Effect of Inulin and Fermented Feed Additive on Growth and Nitrogen Balance in Pig
Wang, Weishan (2005) Effect of Inulin and Fermented Feed Additive on Growth and Nitrogen Balance in Pig. Masters thesis, Universiti Putra Malaysia.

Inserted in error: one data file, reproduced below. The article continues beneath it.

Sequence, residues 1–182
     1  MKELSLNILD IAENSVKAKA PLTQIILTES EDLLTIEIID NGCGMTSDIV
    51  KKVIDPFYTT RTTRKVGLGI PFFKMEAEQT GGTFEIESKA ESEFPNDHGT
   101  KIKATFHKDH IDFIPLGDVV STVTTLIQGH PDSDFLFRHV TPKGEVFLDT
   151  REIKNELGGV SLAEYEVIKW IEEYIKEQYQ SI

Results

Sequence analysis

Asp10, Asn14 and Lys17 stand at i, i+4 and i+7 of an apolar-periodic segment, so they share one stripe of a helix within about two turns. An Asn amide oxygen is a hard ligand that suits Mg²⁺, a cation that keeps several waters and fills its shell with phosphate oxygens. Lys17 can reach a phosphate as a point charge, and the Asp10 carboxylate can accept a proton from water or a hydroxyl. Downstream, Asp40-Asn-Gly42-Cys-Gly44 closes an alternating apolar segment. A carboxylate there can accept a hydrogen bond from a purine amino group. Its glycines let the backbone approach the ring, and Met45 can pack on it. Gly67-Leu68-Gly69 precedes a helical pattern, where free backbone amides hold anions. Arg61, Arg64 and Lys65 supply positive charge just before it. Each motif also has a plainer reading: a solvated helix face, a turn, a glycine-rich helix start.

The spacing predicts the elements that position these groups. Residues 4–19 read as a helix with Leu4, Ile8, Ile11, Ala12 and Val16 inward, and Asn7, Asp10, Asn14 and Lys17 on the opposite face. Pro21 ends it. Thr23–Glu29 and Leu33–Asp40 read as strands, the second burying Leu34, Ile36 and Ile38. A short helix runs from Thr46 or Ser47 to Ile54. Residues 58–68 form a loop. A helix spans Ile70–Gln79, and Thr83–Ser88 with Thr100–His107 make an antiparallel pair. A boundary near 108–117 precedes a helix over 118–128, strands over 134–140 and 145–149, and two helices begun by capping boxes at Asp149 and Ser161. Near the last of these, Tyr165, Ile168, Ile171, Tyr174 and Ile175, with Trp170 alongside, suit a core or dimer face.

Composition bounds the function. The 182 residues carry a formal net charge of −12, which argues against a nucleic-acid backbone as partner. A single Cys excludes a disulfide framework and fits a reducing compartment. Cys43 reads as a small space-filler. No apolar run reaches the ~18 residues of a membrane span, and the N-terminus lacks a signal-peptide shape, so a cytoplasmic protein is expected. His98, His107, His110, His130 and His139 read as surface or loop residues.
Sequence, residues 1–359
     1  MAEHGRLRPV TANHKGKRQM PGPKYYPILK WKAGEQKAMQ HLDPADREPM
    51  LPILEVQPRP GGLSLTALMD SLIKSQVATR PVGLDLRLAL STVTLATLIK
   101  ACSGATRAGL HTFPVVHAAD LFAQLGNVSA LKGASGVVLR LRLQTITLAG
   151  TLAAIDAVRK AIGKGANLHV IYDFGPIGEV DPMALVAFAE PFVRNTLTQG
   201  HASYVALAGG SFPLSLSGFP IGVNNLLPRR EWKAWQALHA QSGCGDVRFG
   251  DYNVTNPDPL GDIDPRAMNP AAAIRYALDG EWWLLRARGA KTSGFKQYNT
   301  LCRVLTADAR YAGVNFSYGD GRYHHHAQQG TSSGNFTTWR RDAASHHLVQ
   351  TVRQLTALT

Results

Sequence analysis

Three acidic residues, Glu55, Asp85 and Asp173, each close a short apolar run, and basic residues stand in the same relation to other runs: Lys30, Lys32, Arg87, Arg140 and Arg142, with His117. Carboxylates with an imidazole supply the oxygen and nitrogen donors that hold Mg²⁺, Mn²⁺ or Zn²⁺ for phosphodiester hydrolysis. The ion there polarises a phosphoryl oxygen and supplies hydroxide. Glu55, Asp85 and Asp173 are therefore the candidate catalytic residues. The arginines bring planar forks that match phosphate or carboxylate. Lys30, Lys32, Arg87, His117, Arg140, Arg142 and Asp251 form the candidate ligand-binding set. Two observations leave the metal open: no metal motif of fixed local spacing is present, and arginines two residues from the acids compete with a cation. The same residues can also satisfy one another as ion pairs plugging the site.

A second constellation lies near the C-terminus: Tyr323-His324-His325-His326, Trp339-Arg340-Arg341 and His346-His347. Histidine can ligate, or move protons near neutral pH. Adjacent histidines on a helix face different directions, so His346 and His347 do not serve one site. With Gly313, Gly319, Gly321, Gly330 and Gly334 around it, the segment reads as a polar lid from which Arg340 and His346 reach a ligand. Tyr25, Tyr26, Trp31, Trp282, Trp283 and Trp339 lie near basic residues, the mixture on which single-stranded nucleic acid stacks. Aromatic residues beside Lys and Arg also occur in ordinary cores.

Three experiments were conducted to determine the dietary crude protein (CP) level, inulin, and local available fermented feed additive (FFA) on growth, nitrogen (N) balance and fecal characteristics in growing pigs. Experiment 1 studied the fecal microflora fermentation using inulin compared with CMC in vitro. Gas volume, total volatile fatty acids (VFA) and purine bases (PB) concentrations of inulin fermentation were higher (P<O. 05) than the CMC. Experiment 2 investigated the dietary CP level and addition of inulin on growth, nitrogen balance and fecal characteristics in growing pigs. Twenty-four crossbred barrows (Duroc x Large white x Landrace) of an average body weight of 40 kg were used to conduct a 28-day experiment. The diet treatments were two levels of CP, 18% and 14% with or without 0.3% inulin addition. Daily live weight gain (DLWG) and feed conversion ratio (FCR) were not affected (P>0.05) by the dietary treatments. However, N intake and N excretion were decreased (P<0.05) with reduced CP level. Addition of inulin without further effect on the total amount of N excretion, but tended to shift N excretion from urine to feces. Higher (P<0.05) lactic acid bacteria (LAB) and lower (P<O.05) Enterobacteriaceae counts in feces for pigs fed with 14% CP and 14% CP + 0.3% inulin were observed. The hypothesis that addition of inulin and FFA would affect gastrointestinal (GIT) microorganisms, hence to improve N utilization was validated in Experiment 3. Twenty-four crossbred barrows (Duroc x Large White x Landrace) of an average body weight 65 kg were used in the 28-day experiment. Dietary treatments were addition of0.3% inulin (IN), 4% fermented feed additive (FFA), or their combination (IN + FFA). Pigs fed with IN + FFA had a higher (P<O.05) DLWG and a lower (P<0.05) FCR compared with other treatment groups. The quantity of total N excretion was not significantly (P>O.05) different among treatment groups, however, N excretion pattern tended to shift from urinary N excretion to fecal N excretion (P>O.05). Higher (P<O.05) LAB and lower (P<O.05) Enterobacteriaceae counts in feces for pigs fed with IN, FFA and IN + FFA compared to the pigs fed control diet were observed. It is concluded that inulin is readily fermented by GIT microbes. The inclusion of inulin or fermented feed additive, or both in the diets cannot reduce total N excretion but they can shift N excretion from urine to feces in growing pigs. N excretion can be decreased by reducing dietary protein from 18% to 14% without affecting the DLWG and FeR of growing pigs. The addition of inulin with fermented feed additive in the diet can improve DLWG and FCR. Reducing dietary CP level, inclusion of inulin or fermented feed additive, or both in the diets can modify GIT microorganism toward to a beneficially balance. In summary, inulin and fermented feed additive inclusion, along with the manipulation of dietary protein levels in pig diet, is a viable avenue to reduce nitrogen excretion in growing pigs.
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